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By Haresh Lalvani

School of Architecture, Center for Experimental Structures

Work by Haresh Lalvani


In the biology of form, every shape is a fleeting instant in a continuum of changing shapes. The morphological genome captures these changes systematically and exhaustively. Snapshots of single structures from this continuum are shown by activating Gene1 and Gene3 of the morph genome. The continuous morphing between the single structures leads to “emergence” of new topologies.

Gene1 generates topological structures with a single color (shapes in red, this page). These structures, mapped in an infinite 4-dimensional space, are indexed by four numbers corresponding to V, E, F, C : the number of Vertices (points), Edges (lines), Faces (planes or surfaces), and Cells (”volumes”) in any 3-dimensional structure. These four numbers are given under each structure along with the number inside which equals V-E+F-C. Interesting cases are when a group of vertices collapse to a single point and, in doing so, morphing the shapes of the cell, faces and edges, but keeping their numbers unchanged. These structures violate Euler’s celebrated topological equation V-E+F-C=1-g, where g is the genus of the structure. New topological elements “emerge” from the continuous transformation process.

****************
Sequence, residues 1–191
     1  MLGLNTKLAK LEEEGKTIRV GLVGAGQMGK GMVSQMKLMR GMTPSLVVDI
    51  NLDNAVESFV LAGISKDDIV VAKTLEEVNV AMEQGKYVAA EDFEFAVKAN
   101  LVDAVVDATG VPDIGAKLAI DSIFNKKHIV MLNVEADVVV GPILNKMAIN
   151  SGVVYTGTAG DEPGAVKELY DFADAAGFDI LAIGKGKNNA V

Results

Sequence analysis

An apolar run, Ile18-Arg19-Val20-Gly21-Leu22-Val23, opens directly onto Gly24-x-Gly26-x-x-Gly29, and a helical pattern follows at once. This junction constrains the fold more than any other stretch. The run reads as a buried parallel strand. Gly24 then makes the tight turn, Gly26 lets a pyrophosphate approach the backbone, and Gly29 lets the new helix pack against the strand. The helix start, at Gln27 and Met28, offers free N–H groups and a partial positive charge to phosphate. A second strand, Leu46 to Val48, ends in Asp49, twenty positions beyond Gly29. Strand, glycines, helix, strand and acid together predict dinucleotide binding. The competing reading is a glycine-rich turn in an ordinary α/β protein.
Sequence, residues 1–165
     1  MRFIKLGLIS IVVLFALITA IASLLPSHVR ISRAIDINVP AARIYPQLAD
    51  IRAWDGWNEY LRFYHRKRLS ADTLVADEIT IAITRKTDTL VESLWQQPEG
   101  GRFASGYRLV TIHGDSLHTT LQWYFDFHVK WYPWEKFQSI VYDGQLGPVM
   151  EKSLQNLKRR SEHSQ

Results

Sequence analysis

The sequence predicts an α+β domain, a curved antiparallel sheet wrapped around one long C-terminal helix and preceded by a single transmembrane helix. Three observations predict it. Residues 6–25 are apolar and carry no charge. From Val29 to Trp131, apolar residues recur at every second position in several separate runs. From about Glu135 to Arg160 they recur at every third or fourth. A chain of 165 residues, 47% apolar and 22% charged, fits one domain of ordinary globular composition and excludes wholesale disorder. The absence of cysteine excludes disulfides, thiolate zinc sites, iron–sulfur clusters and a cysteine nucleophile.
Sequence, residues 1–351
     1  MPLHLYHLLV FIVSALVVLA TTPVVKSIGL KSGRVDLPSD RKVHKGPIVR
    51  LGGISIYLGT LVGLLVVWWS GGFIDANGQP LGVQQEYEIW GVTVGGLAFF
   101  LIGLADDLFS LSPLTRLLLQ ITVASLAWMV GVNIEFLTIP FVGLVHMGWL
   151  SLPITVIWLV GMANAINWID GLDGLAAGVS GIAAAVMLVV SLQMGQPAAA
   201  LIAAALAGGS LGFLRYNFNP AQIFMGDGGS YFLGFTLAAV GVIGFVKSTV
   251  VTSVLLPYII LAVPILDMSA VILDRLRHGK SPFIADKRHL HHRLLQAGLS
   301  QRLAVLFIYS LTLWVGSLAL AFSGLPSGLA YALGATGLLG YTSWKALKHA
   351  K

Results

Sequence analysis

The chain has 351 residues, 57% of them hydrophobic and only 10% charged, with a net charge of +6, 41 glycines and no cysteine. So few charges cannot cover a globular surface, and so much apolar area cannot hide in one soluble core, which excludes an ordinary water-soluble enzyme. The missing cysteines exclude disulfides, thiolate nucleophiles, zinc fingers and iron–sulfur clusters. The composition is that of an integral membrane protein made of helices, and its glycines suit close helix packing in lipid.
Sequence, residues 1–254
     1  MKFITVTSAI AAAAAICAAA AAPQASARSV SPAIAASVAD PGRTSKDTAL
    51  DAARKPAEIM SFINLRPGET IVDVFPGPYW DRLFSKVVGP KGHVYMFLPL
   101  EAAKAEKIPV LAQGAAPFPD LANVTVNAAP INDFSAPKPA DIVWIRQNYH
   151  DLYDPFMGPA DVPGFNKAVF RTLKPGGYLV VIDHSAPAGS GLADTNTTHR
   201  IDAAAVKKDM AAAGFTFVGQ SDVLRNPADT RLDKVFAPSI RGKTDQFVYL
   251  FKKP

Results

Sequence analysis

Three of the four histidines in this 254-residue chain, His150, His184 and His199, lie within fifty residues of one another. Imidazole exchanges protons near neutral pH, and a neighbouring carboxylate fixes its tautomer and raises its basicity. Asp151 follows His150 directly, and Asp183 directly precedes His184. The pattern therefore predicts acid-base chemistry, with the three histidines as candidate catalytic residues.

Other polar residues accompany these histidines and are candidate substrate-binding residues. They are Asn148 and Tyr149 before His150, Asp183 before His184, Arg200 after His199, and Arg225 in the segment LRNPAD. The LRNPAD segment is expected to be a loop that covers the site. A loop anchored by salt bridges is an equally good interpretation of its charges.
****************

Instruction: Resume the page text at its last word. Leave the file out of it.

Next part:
Activating Gene3 of the morphological genome leads to “expression” of additional colors exhibiting derivative topologies. Blue, yellow, orange, green and violet are added to red. The shapes in red, yellow and blue shown here (left page) are examples from one family of a continually collapsing spherical polyhedron (top left) whose points have gradually joined in various ways while edges too have gradually vanished in the process. Shapes in orange (top images, this page) are another interesting group of topologies as they comprise polygons folding over themselves to contain space.

Physical construction of continually morphing shapes pose interesting challenges. Using pliable or stretchable materials is the obvious choice. More interesting cases are when rigid materials lead to pliable geometries that are digitally controlled. These usually are “lo-res” faceted versions of smooth surfaces. At the nano-scale, building bottom-up will require a morph-code to be embedded in matter.

Continually morphing topologies force us to think of new physical solutions so structures can change responsively to meet the complex needs of designs that adapt and evolve with time. The morphological genome provides a formal starting point.

Computer Modeling/Rendering: Patrick Donbeck (Lalvani Studio)